Episode 2 The Arts Show


Episode 2

Marie-Louise Muir presents coverage of the 50th Belfast Festival at Queens, including its celebratory Fifty Fanfares opening and music from Ladysmith Black Mambazo.


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Hello. You're very welcome to The Arts Show in the first of two

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specials focusing on the Ulster Bank Belfast Festival at Queens of

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it's a big year for Queens as they celebrate their 50th festival since

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it began. We're here to bring you the best of the festival coverage

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of the next two weeks. Charles Dickens's bicentenary is widely

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celebrated at this year's festival. We examine his enduring appeal.

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World-renowned soloist Maxim Rysanov performs an intimate

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recital for the Arts Show. Acclaimed artist Nele Azevedo

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reveals her unique ice sculptures commemorating Titanic victims at

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Belfast Square, and Ladysmith Black Mambazo played the Waterfront on

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Sunday. They took time out to give us an exclusive performance.

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Well, as we know, this is now the 50th Belfast Festival at Queens,

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but it's not actually the 50th anniversary. There were a few years

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it didn't happen along the way. From quite humble beginnings it's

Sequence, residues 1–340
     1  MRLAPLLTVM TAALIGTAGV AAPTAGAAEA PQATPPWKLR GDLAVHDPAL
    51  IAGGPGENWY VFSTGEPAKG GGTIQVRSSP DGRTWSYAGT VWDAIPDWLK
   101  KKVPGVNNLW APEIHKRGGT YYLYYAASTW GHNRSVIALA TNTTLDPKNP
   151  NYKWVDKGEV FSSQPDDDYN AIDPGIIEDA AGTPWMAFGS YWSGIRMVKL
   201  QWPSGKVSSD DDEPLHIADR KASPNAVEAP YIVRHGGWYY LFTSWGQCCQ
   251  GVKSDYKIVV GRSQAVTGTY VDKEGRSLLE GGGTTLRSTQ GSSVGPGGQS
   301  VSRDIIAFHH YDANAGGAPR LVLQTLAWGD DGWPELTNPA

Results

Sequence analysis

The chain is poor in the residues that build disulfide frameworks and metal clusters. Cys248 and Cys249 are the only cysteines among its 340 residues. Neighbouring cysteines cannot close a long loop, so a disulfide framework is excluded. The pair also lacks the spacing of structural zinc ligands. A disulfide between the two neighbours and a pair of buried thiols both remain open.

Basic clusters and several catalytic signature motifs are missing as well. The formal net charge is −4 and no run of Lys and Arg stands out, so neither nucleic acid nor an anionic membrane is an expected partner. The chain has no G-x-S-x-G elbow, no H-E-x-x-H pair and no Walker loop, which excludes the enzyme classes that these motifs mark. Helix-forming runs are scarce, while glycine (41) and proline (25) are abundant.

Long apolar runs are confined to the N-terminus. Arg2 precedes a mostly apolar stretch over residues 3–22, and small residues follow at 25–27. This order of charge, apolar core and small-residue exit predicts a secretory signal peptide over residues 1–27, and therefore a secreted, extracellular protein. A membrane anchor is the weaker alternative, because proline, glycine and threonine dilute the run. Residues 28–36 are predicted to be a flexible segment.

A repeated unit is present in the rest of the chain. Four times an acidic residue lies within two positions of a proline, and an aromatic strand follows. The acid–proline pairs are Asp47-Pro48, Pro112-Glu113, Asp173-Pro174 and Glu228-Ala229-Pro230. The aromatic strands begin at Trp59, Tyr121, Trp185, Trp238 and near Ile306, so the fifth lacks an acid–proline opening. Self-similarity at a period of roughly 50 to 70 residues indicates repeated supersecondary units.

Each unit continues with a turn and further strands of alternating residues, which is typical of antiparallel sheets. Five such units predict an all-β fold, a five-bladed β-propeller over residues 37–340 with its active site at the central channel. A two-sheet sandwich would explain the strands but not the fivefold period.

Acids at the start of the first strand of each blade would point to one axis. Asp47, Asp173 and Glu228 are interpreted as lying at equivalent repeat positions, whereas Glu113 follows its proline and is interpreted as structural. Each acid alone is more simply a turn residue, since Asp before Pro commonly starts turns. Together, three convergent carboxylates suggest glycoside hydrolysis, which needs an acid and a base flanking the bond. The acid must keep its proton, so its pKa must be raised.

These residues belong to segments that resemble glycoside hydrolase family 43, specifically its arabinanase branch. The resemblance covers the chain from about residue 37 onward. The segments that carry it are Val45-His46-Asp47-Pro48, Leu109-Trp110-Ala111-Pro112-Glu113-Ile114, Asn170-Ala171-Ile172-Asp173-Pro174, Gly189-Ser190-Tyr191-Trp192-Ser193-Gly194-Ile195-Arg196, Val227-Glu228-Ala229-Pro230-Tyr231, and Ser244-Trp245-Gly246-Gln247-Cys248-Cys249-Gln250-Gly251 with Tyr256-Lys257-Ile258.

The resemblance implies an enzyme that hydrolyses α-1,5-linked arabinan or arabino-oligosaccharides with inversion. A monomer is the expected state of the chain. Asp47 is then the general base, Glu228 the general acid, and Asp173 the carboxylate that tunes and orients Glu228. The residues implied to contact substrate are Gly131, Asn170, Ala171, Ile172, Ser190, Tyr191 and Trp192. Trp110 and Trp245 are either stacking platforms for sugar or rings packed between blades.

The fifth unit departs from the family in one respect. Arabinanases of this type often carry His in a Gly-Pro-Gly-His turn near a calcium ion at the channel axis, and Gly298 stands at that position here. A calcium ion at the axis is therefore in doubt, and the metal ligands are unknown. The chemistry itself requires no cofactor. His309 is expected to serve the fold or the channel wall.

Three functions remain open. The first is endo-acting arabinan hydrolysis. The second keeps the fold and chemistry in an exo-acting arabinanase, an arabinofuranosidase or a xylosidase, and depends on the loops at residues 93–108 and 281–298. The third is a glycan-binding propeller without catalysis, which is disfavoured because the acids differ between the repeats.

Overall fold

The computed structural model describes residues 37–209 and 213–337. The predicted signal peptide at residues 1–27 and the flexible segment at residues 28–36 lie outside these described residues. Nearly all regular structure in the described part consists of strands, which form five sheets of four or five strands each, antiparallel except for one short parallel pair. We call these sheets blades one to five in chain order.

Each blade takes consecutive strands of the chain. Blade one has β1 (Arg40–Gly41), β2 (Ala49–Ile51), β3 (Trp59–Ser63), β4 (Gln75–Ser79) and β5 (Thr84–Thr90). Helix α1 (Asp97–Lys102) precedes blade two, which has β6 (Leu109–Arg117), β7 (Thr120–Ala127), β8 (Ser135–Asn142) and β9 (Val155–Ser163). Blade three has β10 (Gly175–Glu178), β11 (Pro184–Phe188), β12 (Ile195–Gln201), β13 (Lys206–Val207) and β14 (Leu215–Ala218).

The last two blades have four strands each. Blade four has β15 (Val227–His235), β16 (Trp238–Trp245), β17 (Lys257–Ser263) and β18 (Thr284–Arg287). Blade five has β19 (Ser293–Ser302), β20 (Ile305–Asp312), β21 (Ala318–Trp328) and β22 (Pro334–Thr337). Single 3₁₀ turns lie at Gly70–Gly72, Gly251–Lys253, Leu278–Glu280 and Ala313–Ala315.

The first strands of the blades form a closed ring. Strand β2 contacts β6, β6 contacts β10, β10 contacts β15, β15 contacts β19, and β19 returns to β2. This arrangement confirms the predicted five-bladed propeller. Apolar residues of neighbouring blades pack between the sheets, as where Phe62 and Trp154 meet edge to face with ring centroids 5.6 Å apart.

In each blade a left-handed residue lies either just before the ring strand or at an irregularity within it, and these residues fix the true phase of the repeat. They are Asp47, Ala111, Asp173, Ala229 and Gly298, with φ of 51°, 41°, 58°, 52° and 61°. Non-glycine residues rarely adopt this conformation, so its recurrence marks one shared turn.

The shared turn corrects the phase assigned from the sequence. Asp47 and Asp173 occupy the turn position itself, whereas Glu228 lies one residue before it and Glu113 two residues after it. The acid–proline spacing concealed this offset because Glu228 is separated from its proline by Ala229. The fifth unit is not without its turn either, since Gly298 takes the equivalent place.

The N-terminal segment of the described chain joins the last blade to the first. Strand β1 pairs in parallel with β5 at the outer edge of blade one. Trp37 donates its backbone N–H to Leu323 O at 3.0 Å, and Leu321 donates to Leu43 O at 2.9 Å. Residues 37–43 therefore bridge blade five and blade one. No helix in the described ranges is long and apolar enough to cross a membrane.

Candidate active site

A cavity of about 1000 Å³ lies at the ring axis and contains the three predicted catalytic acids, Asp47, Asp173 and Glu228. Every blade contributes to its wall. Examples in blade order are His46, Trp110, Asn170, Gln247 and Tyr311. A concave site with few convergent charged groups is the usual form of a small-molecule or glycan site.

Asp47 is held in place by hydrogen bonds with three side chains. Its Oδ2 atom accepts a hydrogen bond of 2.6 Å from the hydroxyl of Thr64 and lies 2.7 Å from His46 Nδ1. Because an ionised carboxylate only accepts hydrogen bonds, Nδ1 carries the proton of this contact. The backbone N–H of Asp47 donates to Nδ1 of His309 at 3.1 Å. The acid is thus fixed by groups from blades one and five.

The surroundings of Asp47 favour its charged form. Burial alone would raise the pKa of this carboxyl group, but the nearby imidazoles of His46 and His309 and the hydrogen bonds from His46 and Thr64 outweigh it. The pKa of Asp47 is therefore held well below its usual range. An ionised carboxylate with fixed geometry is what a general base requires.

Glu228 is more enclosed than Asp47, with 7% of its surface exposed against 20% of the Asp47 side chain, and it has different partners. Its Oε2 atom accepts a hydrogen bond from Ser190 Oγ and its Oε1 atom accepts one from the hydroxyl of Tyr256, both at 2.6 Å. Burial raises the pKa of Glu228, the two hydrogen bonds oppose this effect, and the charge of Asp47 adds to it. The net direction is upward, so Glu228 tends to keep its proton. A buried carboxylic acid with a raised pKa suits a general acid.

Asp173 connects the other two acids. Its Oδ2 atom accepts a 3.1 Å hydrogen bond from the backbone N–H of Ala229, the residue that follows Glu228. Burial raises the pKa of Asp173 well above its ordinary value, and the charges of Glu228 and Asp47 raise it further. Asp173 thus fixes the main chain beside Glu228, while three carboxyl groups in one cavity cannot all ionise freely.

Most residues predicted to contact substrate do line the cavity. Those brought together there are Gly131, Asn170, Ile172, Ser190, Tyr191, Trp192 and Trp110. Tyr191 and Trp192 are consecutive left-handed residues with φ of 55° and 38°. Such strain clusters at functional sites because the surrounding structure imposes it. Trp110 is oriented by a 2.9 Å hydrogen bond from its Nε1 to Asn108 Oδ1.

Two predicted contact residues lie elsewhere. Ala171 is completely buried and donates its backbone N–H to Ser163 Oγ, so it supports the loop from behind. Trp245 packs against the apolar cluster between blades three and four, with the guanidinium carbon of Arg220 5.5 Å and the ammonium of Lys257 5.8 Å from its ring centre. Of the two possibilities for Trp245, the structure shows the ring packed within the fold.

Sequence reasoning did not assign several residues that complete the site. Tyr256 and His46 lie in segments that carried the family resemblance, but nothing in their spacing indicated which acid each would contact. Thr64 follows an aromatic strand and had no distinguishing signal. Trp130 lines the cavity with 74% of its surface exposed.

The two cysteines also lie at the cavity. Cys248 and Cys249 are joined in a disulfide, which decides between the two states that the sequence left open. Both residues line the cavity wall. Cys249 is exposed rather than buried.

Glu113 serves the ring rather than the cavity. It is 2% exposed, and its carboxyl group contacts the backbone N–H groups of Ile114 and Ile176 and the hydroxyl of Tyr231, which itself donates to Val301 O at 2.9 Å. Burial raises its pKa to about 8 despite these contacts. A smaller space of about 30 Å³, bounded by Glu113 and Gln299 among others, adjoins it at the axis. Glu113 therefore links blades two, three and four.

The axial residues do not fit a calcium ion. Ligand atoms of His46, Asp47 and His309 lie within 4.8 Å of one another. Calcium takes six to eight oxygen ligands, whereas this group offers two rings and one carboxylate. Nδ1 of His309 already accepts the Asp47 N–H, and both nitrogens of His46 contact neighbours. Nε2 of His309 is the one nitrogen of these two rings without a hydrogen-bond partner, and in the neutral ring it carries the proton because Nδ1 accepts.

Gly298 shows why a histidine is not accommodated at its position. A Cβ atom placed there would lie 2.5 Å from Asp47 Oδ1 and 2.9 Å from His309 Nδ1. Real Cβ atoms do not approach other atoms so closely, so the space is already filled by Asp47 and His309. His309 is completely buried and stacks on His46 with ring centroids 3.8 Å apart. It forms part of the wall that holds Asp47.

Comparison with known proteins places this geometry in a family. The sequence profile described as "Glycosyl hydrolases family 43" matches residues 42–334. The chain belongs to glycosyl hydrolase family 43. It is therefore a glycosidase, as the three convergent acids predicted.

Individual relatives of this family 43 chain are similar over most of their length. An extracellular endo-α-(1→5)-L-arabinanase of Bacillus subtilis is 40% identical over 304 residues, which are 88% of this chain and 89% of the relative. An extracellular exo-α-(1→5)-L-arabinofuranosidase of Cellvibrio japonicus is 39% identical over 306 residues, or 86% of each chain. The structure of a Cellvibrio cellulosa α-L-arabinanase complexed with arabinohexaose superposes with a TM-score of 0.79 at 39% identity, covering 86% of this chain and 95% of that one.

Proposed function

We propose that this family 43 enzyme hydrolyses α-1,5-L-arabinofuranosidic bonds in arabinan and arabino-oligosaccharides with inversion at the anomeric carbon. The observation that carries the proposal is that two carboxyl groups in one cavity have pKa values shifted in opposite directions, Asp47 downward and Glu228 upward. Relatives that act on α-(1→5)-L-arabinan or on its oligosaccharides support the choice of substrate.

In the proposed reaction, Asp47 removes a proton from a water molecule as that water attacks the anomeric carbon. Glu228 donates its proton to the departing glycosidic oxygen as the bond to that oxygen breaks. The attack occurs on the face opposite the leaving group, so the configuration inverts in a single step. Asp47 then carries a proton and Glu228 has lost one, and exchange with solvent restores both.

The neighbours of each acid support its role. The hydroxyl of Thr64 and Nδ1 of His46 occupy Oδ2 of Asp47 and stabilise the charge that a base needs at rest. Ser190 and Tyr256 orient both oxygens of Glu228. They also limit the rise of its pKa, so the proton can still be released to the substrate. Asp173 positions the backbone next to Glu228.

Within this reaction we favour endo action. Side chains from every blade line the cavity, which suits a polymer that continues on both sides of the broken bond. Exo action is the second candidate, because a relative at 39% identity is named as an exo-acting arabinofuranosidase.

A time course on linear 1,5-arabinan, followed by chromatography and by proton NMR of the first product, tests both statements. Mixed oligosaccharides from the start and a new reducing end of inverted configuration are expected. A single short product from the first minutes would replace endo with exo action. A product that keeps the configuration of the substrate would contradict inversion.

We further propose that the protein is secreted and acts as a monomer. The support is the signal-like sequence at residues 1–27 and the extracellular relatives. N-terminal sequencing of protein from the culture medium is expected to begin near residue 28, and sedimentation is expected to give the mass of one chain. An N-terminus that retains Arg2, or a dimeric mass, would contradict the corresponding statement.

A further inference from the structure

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grown in reputation and stature to become one of the most prominent

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arts festivals on the British Isles. Let's have a look at how it all

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began. At 50, the Belfast Festival at Queens really has something to

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celebrate. What began in the early '60s as a bit of crack is now the

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third biggest arts festival in the UK. It has an established

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international reputation, programming everything from theatre

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to dance, lectures to literature, film to the visual arts, making it

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arguably Northern Ireland's annual cultural show piece. Opinions vary

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about when it actually started. There were student festivals in the

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early '60, but the temp plait that stuck was when a -

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PROBLEM WITH SOUND Was offered the post of first

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festival director in 1964. Under emmerson, the festival grew in

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popularity. In the Whitla Hall, it became one of the most popular

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draws attracting performers from both sides of the Atlantic

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including George Melly and Dizzy Gillespie. Emerson left to become